EPISODE 8 - Troy Baker makes a cameo! 

The penultimate episode of The Last of Us season 1 follows Ellie as she becomes entangled with a nearby religious cult leader named David who at first offers her medicine to help Joel's injury but later reveals more violent intentions.

Troy Baker, the voice actor for Joel in The Last of Us video game, guest stars in this episode as David's assistant. Baker recently spoke to ET about returning to the TLOU franchise from a new angle. 

"I'm one of those people that subscribes to the theory that there are no villains," he explained of his new character's dubious motives. "There's just my hero from a different perspective. I am 100 percent the hero of that story and I'm living my movie of my own life, and all these other people... they are the antagonist to my protagonist."

"It's way more interesting to me to find the empathy in someone and try to understand their perspective," he added. "I think that you can't out-hate somebody. That's why empathy has to be the key."

EPISODE 9 - The Giraffe Scene Appears, and We Meet Ellie's Mom 

The Last of Us video game fans often cite the giraffe scene as one of their favorite moments of the game. Ellie and Joel stumble on a giraffe outside an abandoned building that they're exploring. The scene is one of the final moments of beauty in the first game, and fittingly, is the same for the onscreen adaptation. Giraffes have also been a motif throughout the show, and eagle-eyed fans noticed giraffe stuffed animals, paintings and references throughout all nine episodes.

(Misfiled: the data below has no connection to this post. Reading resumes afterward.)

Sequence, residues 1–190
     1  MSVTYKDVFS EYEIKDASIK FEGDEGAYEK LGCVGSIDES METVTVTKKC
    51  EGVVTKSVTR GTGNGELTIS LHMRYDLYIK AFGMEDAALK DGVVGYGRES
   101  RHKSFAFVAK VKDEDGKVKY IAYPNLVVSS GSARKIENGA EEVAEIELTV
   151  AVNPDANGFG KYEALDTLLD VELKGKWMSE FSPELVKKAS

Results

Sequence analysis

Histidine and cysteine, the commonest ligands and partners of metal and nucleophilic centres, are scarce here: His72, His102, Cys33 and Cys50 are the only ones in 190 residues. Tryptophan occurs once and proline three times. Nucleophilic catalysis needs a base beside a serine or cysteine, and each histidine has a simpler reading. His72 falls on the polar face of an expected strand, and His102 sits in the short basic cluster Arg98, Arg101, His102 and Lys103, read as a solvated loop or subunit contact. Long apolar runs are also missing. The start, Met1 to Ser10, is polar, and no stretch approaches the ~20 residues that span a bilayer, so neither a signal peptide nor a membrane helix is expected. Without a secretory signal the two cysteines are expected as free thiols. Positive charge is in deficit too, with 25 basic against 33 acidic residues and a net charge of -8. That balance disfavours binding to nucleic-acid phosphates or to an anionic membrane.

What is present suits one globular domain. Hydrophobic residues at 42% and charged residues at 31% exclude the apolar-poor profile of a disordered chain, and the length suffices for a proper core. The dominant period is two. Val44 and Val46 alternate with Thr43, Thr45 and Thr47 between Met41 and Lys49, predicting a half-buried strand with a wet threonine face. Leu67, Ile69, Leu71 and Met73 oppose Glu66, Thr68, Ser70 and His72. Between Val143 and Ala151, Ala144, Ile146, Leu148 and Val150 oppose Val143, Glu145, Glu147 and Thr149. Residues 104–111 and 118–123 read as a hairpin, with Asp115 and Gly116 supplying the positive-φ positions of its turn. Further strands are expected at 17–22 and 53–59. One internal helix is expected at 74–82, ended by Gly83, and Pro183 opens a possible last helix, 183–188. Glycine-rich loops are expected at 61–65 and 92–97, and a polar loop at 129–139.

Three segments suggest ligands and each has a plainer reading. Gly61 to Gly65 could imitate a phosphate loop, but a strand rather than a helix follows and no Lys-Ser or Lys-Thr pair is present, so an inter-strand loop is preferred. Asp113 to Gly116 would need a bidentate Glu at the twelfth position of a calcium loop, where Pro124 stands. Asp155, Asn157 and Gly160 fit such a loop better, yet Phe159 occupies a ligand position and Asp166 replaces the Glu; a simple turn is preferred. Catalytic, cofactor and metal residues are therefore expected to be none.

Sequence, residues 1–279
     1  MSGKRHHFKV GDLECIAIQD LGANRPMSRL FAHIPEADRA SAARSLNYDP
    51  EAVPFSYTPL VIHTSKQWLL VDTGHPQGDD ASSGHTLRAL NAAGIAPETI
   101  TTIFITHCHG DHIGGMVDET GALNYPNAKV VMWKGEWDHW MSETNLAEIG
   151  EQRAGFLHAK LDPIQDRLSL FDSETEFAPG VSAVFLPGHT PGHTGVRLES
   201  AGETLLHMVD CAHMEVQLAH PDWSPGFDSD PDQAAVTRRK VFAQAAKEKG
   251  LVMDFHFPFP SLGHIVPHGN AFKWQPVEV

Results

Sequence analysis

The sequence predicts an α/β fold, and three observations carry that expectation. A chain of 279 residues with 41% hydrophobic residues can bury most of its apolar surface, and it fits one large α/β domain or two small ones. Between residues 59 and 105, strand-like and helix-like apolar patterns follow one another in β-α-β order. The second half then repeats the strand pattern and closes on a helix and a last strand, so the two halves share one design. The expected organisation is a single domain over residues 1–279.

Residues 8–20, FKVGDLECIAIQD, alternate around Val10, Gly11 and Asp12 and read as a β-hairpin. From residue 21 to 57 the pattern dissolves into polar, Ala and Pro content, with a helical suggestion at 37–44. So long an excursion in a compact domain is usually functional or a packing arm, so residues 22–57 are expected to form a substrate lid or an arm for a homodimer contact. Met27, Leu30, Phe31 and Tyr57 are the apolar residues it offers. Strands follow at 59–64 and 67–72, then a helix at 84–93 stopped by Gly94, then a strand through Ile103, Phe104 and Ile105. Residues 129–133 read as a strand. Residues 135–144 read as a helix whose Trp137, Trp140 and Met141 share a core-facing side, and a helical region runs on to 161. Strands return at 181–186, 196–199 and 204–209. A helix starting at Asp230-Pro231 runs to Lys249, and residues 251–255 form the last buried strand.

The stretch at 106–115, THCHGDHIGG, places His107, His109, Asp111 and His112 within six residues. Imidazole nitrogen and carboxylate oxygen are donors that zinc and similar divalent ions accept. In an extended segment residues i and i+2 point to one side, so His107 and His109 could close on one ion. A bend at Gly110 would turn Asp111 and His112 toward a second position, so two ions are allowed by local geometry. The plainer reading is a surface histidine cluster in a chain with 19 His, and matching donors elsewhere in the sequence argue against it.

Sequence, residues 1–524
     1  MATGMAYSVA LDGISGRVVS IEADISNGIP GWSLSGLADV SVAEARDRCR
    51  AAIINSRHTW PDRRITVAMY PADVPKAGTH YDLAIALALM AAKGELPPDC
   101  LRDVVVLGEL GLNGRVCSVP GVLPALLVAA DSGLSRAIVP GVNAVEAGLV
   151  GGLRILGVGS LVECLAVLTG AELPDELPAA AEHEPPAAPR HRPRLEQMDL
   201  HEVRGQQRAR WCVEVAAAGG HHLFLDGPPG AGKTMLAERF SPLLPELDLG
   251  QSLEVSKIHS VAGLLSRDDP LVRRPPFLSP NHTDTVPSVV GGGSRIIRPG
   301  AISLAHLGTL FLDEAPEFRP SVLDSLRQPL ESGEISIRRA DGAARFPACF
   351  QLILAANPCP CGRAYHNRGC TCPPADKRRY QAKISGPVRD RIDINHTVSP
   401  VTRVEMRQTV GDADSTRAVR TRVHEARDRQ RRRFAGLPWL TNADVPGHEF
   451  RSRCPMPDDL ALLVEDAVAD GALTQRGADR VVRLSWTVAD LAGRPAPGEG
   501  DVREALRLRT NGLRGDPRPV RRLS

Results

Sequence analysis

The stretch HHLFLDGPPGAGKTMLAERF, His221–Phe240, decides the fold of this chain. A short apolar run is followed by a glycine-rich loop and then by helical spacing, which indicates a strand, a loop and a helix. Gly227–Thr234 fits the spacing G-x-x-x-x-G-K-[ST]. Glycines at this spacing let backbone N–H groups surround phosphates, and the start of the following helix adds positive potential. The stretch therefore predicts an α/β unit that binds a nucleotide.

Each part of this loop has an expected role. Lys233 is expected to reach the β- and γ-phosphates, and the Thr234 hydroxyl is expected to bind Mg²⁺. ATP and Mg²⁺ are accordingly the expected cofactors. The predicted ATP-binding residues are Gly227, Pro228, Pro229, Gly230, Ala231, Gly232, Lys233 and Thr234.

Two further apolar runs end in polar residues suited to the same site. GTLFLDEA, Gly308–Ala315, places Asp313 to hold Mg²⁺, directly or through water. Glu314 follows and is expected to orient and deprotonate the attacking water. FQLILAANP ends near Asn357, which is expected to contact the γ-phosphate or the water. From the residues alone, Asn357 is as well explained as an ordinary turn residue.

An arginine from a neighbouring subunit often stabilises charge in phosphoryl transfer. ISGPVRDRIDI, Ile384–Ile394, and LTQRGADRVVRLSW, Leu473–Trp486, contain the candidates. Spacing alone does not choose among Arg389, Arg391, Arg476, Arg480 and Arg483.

Soon after they resume their journey, Joel admits to Ellie he attempted suicide after Sarah's death. This is not in the game. 

The episode also opens in a flashback, when a pregnant woman is bitten by an infected just before birth. She cuts the umbilical cord and claims to Marlene it was cut before she was bit, asking Marlene to kill her and keep the child. The scene fills out Ellie's origin story, and explains her immunity, two questions that were never answered in the game. In the show, Ellie's mother is played by Ashley Johnson, who voices Ellie in the game. 

During the hospital scene, one of the nurses Joel holds at gunpoint is played by Laura Bailey, who voices Abby, a protagonist of The Last of Us Part II.

The first season of The Last of Us is now streaming on HBO Max.